Category Archives: missions

Show Me the Money!

Sunday, May 21, 2017

Daily reading assignment: 2 Corinthians 9-10

The city of Corinth was the most important city of ancient Greece.  In the apostle Paul’s day it served as the capital city of the Roman province of Achaia.  Located on a major East to West trade route, Corinth was the 4th largest city of the Roman Empire. However, like most major cities, Corinth was known for its wealth and licentious lifestyle.

Paul established the church in Corinth on his second missionary journey and his first letter to the church was both pointed and direct.  The apostle rebuked a whole litany of shameful sins present in the church: Immorality; Covetousness; Idolatry; Drunkenness; Slander (1 Corinthians 5); Christians suing Christians in secular courts (1 Corinthians 6); and the sacrilegious treatment of the Lord’s Supper (1 Corinthians 11) were among the sins the church had tolerated in its midst.  Paul concluded his first letter to the Corinthian believers, exhorting them to take up an offering to minister to the needs of the suffering saints in Judaea.

In contrast to his first letter, the Book of 2 Corinthians is a letter of affirmation and exhortation to Christians in Corinth.  The Corinthian believers heeded Paul’s admonishment concerning sin in the church and dealt with sinners in the midst.  In addition to his affirmation, Paul exhorted the believers in Corinth to fulfill their promise to send a sacrificial offering to the suffering saints in Judea.

Paul used the churches of Macedonia [Philippi, Thessalonica, Berea] as a model to motivate the Corinthians to fulfill their obligation to send a generous offering.  Unlike the wealthier people of Corinth, the believers of Macedonia, had given out of their poverty (2 Cor. 8:2), giving generously beyond their ability (2 Cor. 8:3)

Sparingly” and “bountifully” are two adverbs Paul used to define attitudes towards giving.  Paul writes, “He which soweth sparingly shall reap also sparingly; and he which soweth bountifully shall reap also bountifully” (2 Corinthians 9:6).

A believer who gives “sparingly” is stingy, miserly and tight-fisted.  Paul warns, sow sparingly and you will reap sparingly!  Be a miser when you give, don’t be surprised you reap the same when you are in need.  In contrast, give “bountifully” knowing generous givers are recipients of generous blessings!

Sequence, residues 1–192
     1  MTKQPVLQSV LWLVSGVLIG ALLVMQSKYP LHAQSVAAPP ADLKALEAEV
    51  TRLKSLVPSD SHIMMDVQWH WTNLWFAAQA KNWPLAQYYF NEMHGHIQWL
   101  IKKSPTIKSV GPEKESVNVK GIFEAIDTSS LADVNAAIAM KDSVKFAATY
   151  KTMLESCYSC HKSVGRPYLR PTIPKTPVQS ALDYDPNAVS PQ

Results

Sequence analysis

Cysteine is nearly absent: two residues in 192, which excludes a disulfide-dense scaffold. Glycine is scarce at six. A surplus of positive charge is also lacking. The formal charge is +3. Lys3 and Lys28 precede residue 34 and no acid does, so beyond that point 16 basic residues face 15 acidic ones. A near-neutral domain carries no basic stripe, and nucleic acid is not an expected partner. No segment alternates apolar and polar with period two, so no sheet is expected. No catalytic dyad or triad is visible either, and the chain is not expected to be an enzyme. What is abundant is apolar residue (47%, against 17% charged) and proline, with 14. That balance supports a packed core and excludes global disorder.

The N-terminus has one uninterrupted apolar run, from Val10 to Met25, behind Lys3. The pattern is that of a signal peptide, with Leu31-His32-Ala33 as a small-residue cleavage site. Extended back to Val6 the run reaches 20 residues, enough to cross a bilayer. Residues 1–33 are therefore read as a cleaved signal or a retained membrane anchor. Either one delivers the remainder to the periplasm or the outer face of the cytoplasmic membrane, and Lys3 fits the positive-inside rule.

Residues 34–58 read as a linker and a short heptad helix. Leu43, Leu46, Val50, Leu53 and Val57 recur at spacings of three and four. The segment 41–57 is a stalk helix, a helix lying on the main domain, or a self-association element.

The analogy Paul draws in 2 Corinthians 9:6 is from Solomon’s pictures of two farmers, one who scatters seed and another who hoards seed (Proverbs 11:24-26).

Proverbs 11:24-26 – “There is that scattereth, and yet increaseth [God rewards generosity]; and there is that withholdeth more than is meet, but it tendeth to poverty [covetousnessness leads to poverty]. 
25 The liberal soul [gives, bestows blessings] shall be made fat [satisfied]: and he that watereth shall be watered also himself [Gal. 6:7 – You reap what you sow].26 He that withholdeth corn, the people shall curse him: but blessing shall be upon the head of him that selleth it.”

I close with three spiritual truths on giving:

1) God rewards generosity (Proverbs 11:24).

2) Covetousness leads to poverty (Proverbs 11:24).

3) A man reaps what he sows (Galatians 6:7; Prov. 11:25-26): A generous soul will be content (Proverbs 11:25), but a hoarder is despised (Proverbs 11:26.

I do not know about you, but sign me up for giving and its promised rewards!

Copyright 2017 – Travis D. Smith

Are You Crazy?

Saturday, April 01, 2017

Daily reading assignment: Mark 5-6

The Christian radio broadcast, Unshackled”, is the longest continually running radio program in history.  Produced by the Pacific Garden Mission of Chicago, “Unshackled” has conveyed the real life stories of Christians whose lives were transformed by receiving Jesus Christ as Savior!  Among the thousands of radio dramas are the testimonies of drunkards and drug addicts who became preachers and missionaries; prostitutes whose lives were so transformed they became godly wives and mothers; runaway teens… Desperate sinners who, hearing the Gospel and trusting Jesus Christ as Savior, had their lives changed forever.